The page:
(2.3 boxes; .75 cubic feet)
Correspondence, minutes, and printed matter relating to other China organizations in which Webster was involved. The records for some of these groups are routine but there are considerable records for Aid Refugee Chinese Intellectuals and United Service to China, Inc., both of which Webster served as a director.
Sub-Series 4.3 Holderness School
(6.25 boxes; 2.15 cubic feet)
Webster served as Trustee, 1931-1933, and Life Trustee, 1933-1974 of this preparatory school from which he was graduated in 1906 and of which his father was Headmaster, 1892-1922. The records are extensive and include correspondence with Trustees, Headmasters, and other School officers, 1930-1974; minutes and reports of the Trustees, 1948-1974; records of various committees and of fundraising activities; printed materials; and commencement addresses he gave in 1938 and 1957. The School’s new library was named for Webster in 1966.
Sub-Series 4.4 Trinity College (Hartford, CT)
(20 boxes; 6.5 cubic feet)
Webster had a long involvement with his alma mater. He was a Junior Fellow of the College, 1919-1922, 1934-1939; Alumni Trustee, 1939-1945; and Life Trustee, 1945-1967. The records include correspondence with fellow Trustees, with three of Trinity’s Presidents, and with other college officers, 1939-1974; minutes, correspondence, and reports of the Board of Trustees and many of its committees, 1939-1974; Alumni Association correspondence, 1932-1969; and records and correspondence relating to his college fraternity, Psi Upsilon, 1914, 1943-1974.
Reflecting his love of books and libraries, there are records of Webster’s involvement with the Trinity College Library and its friends group (of which he was a founding member and Chairman, 1951-1955), as well as with the Watkinson Library, the College’s rare book library.
Series 5: Jerome P. Webster Library of Plastic Surgery
Correspondence, financial and fundraising records, exhibit records, book purchase records, and general operational records of the Webster Library which, while serving as the Division of Plastic Surgery library, was owned by Webster. It was bequeathed to Columbia University in 1939 and was transferred to the University’s Augustus C. Long Library in 1976. Researchers should also consult Series 11, Index Cards, for additional records relating to the Webster Library, particularly information on book acquisitions.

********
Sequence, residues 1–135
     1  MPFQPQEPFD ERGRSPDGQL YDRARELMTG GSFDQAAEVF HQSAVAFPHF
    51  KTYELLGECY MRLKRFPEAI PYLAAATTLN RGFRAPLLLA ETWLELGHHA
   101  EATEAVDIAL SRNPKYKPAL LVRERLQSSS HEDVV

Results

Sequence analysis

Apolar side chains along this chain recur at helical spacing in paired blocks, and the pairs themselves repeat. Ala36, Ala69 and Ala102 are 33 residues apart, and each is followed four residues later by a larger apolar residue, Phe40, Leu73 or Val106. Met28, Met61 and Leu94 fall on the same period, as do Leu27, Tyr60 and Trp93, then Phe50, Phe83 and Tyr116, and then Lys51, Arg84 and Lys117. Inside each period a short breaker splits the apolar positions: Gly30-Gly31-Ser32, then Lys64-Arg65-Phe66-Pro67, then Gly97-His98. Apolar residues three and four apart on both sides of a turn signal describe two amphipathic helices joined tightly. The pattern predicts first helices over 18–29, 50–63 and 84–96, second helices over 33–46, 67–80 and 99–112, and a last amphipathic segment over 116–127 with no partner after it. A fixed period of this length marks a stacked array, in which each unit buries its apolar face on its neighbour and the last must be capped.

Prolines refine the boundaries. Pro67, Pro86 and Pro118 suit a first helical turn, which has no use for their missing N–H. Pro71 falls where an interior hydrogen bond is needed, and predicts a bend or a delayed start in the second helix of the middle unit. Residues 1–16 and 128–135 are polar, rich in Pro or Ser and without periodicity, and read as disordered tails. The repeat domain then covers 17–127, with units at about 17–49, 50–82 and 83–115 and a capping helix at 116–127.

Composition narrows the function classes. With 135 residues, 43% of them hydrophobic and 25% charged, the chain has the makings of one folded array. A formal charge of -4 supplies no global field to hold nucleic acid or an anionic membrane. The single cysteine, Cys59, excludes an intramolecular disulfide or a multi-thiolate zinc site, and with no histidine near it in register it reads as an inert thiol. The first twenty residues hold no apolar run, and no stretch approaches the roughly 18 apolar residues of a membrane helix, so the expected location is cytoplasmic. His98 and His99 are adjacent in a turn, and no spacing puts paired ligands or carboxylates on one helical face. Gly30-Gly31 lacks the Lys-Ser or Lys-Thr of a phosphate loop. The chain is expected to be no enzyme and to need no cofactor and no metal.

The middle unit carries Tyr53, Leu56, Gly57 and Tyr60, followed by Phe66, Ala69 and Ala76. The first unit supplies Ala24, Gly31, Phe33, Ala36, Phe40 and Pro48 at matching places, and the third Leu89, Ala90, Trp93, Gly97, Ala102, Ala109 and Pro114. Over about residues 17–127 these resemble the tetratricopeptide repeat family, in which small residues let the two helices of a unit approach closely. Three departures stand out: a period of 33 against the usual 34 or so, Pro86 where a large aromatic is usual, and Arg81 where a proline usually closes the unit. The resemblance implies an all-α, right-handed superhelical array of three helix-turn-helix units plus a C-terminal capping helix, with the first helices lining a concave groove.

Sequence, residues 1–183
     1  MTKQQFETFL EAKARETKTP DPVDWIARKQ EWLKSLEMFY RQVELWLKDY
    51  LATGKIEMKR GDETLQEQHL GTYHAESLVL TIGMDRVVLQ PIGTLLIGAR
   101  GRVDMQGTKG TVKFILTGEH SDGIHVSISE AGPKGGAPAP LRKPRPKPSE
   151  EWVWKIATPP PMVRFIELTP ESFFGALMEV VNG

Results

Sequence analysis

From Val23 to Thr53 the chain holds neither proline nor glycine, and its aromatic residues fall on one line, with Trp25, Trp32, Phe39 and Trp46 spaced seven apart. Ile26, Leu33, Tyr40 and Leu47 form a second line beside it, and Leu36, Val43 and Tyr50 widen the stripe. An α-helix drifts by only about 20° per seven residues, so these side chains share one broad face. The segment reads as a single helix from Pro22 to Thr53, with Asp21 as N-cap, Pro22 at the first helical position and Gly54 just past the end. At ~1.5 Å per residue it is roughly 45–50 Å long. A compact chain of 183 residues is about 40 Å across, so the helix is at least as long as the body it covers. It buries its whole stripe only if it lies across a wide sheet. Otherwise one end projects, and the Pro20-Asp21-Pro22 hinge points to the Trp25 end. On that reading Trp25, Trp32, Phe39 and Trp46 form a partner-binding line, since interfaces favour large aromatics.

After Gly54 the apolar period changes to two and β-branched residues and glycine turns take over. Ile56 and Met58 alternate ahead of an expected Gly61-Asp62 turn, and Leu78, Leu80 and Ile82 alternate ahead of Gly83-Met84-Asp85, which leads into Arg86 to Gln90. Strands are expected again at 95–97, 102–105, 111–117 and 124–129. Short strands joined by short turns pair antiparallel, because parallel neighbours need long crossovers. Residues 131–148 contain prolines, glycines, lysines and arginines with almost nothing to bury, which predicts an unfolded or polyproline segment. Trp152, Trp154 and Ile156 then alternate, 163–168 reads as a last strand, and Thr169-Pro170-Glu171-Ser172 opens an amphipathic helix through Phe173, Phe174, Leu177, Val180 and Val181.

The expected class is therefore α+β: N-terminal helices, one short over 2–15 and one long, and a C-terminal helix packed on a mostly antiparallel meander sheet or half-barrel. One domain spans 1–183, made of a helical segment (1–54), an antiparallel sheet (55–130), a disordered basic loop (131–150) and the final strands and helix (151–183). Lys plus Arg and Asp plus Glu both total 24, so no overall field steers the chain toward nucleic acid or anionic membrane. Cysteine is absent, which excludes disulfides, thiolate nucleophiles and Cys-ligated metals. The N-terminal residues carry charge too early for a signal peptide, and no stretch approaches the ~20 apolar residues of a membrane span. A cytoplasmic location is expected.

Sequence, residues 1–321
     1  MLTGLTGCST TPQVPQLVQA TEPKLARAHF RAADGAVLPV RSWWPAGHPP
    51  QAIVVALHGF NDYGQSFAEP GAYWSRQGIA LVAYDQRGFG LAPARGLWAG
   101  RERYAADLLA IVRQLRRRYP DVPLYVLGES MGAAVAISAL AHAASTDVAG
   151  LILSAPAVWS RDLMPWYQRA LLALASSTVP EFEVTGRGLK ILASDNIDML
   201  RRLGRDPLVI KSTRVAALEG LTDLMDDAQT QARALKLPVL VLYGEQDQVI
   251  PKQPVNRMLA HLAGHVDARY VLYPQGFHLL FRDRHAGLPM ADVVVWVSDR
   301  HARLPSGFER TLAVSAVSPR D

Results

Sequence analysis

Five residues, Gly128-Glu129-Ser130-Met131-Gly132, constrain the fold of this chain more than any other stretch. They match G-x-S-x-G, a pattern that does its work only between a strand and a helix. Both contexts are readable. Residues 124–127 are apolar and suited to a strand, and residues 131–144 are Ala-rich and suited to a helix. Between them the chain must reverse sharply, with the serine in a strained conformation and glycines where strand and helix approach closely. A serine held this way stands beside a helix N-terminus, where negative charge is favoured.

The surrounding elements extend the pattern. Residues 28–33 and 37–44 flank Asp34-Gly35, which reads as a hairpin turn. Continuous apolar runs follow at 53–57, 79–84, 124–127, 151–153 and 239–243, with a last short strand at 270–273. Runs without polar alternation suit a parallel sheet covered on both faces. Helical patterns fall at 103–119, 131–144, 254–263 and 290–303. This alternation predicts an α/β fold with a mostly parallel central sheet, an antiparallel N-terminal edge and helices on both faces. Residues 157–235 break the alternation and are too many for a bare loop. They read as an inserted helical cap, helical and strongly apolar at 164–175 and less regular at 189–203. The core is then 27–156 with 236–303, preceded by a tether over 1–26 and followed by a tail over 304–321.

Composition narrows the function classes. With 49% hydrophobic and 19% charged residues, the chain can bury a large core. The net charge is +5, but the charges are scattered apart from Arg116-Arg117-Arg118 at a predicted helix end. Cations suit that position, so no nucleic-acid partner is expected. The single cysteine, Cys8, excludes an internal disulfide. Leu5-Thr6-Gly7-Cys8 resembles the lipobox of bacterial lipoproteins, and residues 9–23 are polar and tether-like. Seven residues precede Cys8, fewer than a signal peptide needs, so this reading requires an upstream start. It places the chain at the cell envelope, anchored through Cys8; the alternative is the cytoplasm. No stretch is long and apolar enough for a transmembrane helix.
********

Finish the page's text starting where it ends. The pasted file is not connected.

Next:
Sub-series are as follows:
Sub-series 5.1: Correspondence/Subject Files
(4 boxes; 1 cubic foot)
General correspondence, financial records, records relating to Webster’s bequest to Columbia University, fundraising materials, and acquisition lists, among other records. In addition, there is substantial correspondence with the Directors of the University’s Medical Library (now the Augustus C. Long Health Sciences Library) as well as minutes of the Medical Library Committee.
Included with this sub-series is Sub-Series 5.1.1 relating to John Locke’s copy of Samuel Butler’s Hudibras. Webster purchased it in 1953 because it contained verses in Locke’s hand relating to Tagliacozzi, whom Butler spoofed in his mock-epic poem.
Sub-Series 5.2: Webster Library in the Augustus C. Long Health Sciences Library
(.2 cubic feet)
Correspondence and documents relating to planning for the Webster Library in the new Augustus C. Long Health Sciences Library. This eventually became the library’s Archives & Special Collections department, with the reading room named for Webster’s first wife, Geraldine Rockefeller McAlpin Webster.
Sub-Series 5.3: Exhibits
(2 boxes; .35 cubic feet)
Though there are some records relating to exhibits of Webster Library books at Columbia University, the bulk relates to the Library’s participation in the Grolier Club’s “Gala Book Week” of May, 1964. Included are a list of books exhibited; guest lists and invitations; correspondence; schedules; and printed material.
Sub-Series 5.4: Fund Drive
(2 boxes; .35 cubic feet)
Records documenting fundraising for the Webster Library, 1950s-1960s, including correspondence, financial records, drafts of brochures, and lists of contributors. Also included is Sub-Series 5.4.1, Individual Donors, which has files on all donors/potential donors to the Library.
Sub-Series 5.5: Book Purchases
(11 boxes; 3.5 cubic feet)
Records of books purchased by Webster both for the Webster Library and for his personal use, 1931-1975. From 1931 to about 1938, the records are arranged alphabetically by book dealer, with records after that date arranged chronologically. Webster purchased books from dealers specializing in the history of science and medicine from throughout North America, the United Kingdom, and Europe.
The series also includes records of Webster’s purchases of books and manuscripts on the history of Western embassies to East Asia from the 16th to early 19th century. This collection was not included in the Webster Library and was later bequeathed to Trinity College. Researchers should also consult Series 11, Index Cards, for additional information on book acquisitions.
Series 6: Writings & Research
Records documenting Webster’s medical and historical publications including correspondence, drafts, research notes, photographs, financial records, contracts, and printed materials. There are copies of most of his medical publications and extensive records relating to the biography of Gaspare Tagliacozzi he co-authored with Martha Teach Gnudi.
Sub-series are as follows:
Sub-Series 6.1: Articles: Manuscripts